Anyone who’s read The Time Traveler’s Wife will probably agree that it’s a very unusual but wonderful book. I really liked it and at the same time felt unsettled by it. When I saw that Audrey Niffennegger had written a new novel, Her Fearful Symmetry, I waffled about reading it. Would I like it? Would it leave me as unsettled as The Time Traveler’s Wife? Was I in the mood for that kind of experience again? After reading a synopsis in Publisher’s Weekly; however, I decided to give it a try and I’m really glad I did.
It’s not often that a story opens with a main character dying, especially one as likeable and lovely as Elspeth Noblin. Have I upset you by telling you that? People who know me know I’m not into giving up spoilers on books I review, so WTF? Elspeth is indeed one of the main characters. In fact, she pretty much orchestrates everything that happens in this book and she does die in the first paragraph — but she isn’t gone. Oh no – she’s very much part of the entire storyline.
Her Fearful Symmetry is the story of 2 sets of twins, and how their enmeshed twin-ness and their reactions to it affect them and the people in their lives for better or worse. It is every bit as unusual and intriguing as The Time Traveler’s Wife but for very different reasons.
The setting is the area next to Highgate Cemetery, in London, with all of the characters revolving around both the 2 sets of twins and the residents in the apartment (condo) house adjoining that cemetery. There’s Robert, who may never finish his thesis on the cemetery and is torn by his love for Elspeth. There’s Martin, an OCD crossword puzzle creator and his wife Marijke. And we must mention Elspeth’s twin Edie and her husband, Jack, who live in a Chicago suburb. And of course there are Edie’s mirror twin daughters, Julia and Valentina. Have I completely confused you yet? When Elspeth bequeaths her Highgate flat to her sister’s twins, with the caveat that Edie and her husband are not allowed to enter the flat, the plot thickens and things begin to get even more interesting.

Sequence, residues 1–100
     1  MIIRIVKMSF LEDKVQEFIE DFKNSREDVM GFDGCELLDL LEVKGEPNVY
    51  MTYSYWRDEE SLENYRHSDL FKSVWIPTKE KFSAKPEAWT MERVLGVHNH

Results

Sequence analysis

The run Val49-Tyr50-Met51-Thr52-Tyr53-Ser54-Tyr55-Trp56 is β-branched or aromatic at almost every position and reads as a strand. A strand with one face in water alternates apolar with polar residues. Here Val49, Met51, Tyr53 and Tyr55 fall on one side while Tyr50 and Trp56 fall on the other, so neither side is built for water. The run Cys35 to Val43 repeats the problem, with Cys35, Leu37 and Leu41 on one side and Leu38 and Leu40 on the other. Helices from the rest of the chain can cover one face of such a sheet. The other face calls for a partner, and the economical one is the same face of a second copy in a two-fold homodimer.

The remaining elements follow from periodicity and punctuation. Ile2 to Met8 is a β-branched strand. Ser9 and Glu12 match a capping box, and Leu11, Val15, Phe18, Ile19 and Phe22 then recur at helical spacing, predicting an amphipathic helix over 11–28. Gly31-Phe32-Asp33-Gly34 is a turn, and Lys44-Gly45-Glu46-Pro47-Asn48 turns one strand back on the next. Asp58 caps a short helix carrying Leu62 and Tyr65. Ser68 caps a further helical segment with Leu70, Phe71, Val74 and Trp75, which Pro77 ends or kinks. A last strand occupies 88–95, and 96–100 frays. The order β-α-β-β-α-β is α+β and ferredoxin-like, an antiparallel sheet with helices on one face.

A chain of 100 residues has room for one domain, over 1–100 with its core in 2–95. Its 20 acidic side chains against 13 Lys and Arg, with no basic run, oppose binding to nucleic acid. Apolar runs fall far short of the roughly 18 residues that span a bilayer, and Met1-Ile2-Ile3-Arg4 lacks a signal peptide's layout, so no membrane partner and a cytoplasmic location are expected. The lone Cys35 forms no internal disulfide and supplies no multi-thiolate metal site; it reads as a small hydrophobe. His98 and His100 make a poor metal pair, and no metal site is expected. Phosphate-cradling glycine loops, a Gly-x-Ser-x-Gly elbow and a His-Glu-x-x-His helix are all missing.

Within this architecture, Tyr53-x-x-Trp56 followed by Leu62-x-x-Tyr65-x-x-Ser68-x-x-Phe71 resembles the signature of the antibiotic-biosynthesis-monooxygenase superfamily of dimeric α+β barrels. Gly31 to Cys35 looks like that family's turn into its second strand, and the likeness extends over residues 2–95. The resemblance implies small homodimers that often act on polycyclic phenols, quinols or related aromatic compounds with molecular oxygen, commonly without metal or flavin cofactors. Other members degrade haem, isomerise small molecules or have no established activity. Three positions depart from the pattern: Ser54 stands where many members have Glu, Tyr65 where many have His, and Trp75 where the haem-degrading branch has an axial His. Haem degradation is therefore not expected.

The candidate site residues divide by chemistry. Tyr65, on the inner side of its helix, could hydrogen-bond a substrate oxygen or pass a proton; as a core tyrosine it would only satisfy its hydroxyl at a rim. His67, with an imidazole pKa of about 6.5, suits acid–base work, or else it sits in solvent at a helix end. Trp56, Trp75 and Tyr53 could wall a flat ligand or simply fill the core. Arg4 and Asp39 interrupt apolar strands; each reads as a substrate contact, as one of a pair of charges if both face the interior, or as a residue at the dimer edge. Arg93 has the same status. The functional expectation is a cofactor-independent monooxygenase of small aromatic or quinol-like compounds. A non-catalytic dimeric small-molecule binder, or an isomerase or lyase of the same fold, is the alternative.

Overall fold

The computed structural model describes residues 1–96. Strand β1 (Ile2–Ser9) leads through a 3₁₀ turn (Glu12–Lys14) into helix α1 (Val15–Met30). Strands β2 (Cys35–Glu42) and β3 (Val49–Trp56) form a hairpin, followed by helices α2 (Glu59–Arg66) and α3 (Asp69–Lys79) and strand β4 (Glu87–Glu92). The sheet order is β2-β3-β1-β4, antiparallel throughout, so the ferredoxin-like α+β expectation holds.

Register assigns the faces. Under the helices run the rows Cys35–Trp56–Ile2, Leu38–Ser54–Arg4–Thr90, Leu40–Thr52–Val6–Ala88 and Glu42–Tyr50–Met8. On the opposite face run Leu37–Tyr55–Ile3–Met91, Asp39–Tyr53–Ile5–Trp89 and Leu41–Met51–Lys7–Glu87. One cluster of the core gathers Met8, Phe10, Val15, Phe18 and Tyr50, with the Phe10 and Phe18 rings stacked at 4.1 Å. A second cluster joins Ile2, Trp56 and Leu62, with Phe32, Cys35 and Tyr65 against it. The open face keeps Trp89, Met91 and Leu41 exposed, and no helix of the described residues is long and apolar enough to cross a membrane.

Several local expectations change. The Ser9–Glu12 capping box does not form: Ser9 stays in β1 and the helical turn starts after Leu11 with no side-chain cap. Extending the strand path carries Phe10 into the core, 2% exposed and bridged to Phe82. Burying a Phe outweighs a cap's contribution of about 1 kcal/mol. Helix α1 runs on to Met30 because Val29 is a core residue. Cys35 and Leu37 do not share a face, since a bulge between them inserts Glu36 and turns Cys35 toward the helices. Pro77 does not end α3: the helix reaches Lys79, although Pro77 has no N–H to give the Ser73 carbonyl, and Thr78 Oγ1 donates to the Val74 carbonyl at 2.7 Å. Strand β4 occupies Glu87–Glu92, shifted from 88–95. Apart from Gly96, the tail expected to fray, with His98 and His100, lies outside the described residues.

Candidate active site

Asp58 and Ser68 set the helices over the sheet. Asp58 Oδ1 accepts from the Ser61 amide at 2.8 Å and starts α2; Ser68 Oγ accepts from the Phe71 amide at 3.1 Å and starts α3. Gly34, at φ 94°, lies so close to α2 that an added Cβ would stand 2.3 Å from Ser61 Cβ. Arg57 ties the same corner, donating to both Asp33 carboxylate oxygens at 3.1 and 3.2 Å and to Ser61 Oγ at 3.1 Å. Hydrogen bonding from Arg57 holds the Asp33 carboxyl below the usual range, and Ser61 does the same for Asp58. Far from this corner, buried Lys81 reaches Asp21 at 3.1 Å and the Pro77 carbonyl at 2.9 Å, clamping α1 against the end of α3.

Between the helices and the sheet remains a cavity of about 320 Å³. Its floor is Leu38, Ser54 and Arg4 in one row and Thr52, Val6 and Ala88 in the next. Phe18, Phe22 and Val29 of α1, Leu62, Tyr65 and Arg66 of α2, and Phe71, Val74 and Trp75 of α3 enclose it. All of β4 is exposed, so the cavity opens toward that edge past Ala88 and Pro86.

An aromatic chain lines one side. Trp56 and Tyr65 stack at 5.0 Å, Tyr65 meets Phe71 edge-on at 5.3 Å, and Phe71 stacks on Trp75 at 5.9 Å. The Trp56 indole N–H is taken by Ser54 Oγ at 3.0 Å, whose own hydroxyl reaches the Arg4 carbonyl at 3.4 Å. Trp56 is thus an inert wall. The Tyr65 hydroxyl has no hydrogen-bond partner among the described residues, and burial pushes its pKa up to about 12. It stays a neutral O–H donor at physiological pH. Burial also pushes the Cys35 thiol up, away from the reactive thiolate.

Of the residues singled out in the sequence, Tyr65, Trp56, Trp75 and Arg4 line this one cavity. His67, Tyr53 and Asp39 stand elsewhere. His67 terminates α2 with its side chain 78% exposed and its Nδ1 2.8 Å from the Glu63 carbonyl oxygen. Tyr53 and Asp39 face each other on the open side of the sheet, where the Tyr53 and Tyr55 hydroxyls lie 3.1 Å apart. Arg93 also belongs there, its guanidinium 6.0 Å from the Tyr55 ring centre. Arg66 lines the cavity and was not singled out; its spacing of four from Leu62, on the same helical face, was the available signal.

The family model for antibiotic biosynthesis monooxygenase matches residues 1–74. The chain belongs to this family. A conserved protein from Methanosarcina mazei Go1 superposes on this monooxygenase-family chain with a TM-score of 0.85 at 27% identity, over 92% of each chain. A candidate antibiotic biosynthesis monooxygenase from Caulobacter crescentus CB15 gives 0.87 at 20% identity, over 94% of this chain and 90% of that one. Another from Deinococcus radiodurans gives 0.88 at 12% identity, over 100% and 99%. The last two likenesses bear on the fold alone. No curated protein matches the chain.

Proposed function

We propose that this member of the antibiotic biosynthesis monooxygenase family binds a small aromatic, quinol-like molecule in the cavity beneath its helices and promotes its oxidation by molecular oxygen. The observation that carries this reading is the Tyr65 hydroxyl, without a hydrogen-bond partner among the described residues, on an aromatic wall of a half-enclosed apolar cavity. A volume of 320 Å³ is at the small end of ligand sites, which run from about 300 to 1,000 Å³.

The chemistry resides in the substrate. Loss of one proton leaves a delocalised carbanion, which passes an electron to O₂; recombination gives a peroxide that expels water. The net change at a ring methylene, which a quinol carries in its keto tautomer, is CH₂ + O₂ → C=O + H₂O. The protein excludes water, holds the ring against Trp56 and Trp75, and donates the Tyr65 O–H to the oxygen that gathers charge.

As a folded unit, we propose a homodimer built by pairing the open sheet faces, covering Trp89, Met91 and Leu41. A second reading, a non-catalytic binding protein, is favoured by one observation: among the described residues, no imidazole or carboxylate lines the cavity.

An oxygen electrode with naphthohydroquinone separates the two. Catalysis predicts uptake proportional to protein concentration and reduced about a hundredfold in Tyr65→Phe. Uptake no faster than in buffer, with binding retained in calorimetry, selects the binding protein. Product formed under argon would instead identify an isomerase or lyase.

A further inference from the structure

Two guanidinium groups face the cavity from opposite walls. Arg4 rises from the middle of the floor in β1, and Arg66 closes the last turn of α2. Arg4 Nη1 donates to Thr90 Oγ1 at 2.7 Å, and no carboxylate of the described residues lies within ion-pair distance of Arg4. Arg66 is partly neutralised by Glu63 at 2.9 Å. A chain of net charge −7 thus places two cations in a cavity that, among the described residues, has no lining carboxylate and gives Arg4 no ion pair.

I’ve always found the idea of identical twins fascinating and that’s one of the reasons I decided to give Her Fearful Symmetry a try. How do you handle having someone in your life who is your mirror image but isn’t you? How do you keep the special connection that all twins seem to have but find a way to differentiate yourself from that person so you can grow up and be your own unique person? Everyone has a tough enough time making the transition to expressing their uniqueness from other family members when they’re told growing up how much they’re like their aunt, their grandmother, their dad, their older sister or whomever. It’s almost like a rejection of that family member to make that transition but we all have to do it so we can be our unique selves. I can’t imagine how much more difficult that process must be for an identical or mirror twin.
In some ways, this is a ghost story. In other ways, it is a sibling relationship story. In many ways, it’s a love story. It’s definitely a very unique story. As soon as I suspected where it might be going, part of me wanted to quit reading; however, I had to see it through to the very end and I’m very glad I did.
Her Fearful Symmetry is aptly titled. It really is about Elspeth’s fearful symmetry in addition to the fearful symmetry of all the people involved.
Once I finished the story and stepped back from it, I was extremely impressed with Ms Niffennegger’s latest work. I think you’ll find it a very worthwhile read. Have fun!
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